More common signs and symptoms of hyperthyroidism due to Graves' disease include irritability, a fast and irregular heartbeat, hand tremors, diarrhea, increased sweating, trouble sleeping, and weight loss. Some people develop abnormal enlargement of the thyroid gland (goiter). Women with Graves' disease may have irregular menstrual periods. In some cases, Graves' disease causes other problems such as Graves’ dermopathy (a condition marked by red, swollen skin), various eye abnormalities (such as bulging eyes, vision problems, pain, or swelling), emotional or behavioral changes, heart-related complications, or bone problems (such as osteoporosis).[2][3][4][5]

Treatment for hyperthyroidism and its symptoms may include radioiodine therapy, antithyroid drugs, and/or thyroid surgery.[2] Most people eventually develop hypothyroidism after treatment for hyperthryoidism; this is treated with a daily synthetic thyroid hormone pill.[4] Graves' dermopathy may be treated with corticosteroids and/or compression wraps.[6] Eye problems may not improve after thyroid treatment and may be treated separately with eyedrops, rituximab, or rarely, surgery or radiation therapy.[1][2]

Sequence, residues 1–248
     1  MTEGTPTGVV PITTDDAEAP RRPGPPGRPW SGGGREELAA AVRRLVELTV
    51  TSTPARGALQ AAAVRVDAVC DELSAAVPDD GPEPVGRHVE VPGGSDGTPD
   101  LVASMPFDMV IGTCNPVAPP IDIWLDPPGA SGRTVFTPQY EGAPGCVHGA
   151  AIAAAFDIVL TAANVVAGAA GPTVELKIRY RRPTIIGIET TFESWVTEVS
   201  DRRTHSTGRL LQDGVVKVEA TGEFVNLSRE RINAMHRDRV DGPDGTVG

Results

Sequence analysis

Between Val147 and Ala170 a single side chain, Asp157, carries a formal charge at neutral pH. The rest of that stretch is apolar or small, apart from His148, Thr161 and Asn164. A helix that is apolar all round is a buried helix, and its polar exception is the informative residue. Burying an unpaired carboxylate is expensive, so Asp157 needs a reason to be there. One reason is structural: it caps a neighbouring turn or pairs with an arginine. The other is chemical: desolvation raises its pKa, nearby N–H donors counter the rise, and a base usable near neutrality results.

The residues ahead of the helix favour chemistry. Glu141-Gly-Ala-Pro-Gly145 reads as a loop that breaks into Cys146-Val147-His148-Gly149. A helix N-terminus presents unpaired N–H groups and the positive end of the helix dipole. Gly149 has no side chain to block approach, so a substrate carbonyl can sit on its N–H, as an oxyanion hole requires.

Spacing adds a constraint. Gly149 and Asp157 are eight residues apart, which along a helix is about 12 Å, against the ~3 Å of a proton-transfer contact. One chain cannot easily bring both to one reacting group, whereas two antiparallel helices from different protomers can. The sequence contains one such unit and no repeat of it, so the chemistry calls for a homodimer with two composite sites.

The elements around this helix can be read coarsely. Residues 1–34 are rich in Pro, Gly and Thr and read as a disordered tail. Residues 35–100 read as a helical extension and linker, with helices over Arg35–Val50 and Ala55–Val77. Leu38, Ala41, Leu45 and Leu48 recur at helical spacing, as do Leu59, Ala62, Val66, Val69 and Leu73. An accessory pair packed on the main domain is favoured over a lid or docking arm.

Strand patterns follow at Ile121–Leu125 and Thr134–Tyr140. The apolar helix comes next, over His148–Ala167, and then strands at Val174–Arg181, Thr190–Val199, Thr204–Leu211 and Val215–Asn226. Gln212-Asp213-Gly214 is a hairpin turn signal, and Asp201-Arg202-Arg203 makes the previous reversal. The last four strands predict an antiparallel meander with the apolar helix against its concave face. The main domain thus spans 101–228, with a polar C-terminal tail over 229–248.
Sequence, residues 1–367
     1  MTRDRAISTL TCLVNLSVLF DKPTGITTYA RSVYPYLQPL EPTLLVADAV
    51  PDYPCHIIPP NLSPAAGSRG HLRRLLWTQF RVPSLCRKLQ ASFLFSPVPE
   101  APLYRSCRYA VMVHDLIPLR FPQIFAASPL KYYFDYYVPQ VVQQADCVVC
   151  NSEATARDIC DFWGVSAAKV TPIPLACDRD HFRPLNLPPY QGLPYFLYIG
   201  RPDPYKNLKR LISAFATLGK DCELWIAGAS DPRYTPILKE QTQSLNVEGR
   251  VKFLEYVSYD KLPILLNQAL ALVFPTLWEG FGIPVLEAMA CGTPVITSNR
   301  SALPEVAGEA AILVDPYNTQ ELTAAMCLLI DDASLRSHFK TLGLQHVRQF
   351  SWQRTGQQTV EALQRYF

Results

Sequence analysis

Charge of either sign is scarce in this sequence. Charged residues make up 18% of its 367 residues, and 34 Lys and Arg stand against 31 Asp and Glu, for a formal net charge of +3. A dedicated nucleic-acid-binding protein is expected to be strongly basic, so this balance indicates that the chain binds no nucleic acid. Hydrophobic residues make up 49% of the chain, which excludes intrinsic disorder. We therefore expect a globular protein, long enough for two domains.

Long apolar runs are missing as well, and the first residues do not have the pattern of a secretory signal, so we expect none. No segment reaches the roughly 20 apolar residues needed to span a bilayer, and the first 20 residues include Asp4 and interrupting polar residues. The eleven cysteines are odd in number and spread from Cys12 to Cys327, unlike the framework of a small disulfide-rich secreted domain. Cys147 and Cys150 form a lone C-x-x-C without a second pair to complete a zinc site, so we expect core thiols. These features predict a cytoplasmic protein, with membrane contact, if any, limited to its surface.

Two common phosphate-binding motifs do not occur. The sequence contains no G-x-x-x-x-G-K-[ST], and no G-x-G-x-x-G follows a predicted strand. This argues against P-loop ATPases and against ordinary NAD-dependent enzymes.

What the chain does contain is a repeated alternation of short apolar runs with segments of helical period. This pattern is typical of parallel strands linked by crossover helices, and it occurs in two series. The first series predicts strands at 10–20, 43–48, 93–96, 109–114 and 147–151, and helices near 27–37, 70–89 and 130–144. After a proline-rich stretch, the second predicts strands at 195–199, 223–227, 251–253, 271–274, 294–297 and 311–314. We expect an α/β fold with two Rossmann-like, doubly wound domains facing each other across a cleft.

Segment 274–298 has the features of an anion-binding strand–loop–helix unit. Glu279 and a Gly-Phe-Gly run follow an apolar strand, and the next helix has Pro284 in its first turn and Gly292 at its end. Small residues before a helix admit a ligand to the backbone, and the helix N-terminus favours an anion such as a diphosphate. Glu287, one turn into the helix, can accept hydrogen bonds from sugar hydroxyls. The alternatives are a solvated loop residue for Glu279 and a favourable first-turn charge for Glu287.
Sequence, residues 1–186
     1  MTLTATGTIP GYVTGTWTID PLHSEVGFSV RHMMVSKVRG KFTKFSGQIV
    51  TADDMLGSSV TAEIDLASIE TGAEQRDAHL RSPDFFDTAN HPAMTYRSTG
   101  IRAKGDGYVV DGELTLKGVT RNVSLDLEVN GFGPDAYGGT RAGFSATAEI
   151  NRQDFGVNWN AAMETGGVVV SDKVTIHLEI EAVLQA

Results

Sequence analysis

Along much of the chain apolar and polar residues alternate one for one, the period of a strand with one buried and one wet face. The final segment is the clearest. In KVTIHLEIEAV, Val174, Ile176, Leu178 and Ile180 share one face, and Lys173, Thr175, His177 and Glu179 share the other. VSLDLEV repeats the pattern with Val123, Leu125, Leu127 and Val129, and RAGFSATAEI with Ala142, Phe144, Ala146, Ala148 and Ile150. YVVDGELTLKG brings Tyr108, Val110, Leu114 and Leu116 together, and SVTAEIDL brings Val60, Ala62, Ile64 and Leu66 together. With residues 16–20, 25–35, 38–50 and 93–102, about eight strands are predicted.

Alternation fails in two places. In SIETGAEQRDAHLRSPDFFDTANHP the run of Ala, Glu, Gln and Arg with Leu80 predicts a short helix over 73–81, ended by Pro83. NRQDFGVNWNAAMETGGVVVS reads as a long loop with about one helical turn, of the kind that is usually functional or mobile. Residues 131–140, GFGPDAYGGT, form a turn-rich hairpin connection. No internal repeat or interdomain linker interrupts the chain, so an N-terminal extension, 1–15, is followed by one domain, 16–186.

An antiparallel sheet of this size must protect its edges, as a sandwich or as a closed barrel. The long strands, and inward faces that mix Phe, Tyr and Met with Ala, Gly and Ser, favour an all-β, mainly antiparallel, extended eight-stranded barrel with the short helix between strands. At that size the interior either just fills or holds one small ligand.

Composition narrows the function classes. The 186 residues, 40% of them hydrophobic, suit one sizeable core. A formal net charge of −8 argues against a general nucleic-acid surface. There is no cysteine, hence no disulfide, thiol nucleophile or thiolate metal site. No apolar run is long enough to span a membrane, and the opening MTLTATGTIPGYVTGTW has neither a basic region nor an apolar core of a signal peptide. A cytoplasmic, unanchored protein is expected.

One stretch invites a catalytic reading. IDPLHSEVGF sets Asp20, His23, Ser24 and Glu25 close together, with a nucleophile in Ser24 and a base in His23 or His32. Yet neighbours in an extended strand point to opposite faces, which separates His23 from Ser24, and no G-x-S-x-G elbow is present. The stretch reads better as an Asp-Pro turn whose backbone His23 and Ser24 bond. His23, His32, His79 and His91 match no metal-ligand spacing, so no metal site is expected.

This table lists symptoms that people with this disease may have. For most diseases, symptoms will vary from person to person. People with the same disease may not have all the symptoms listed. This information comes from a database called the Human Phenotype Ontology (HPO) . The HPO collects information on symptoms that have been described in medical resources. The HPO is updated regularly. Use the HPO ID to access more in-depth information about a symptom.

Medical Terms Other Names
Learn More:
Percent of people who have these symptoms is not available through HPO
Abnormal abdomen morphology
Abnormality of abdomen structure
Abnormality of metabolism/homeostasis
Laboratory abnormality
Metabolism abnormality

[ more ]

Autosomal recessive inheritance
Congestive heart failure
Cardiac failure
Cardiac failures
Heart failure

[ more ]

Enlarged thyroid gland in neck
Graves disease
More active than typical
Excessive sweating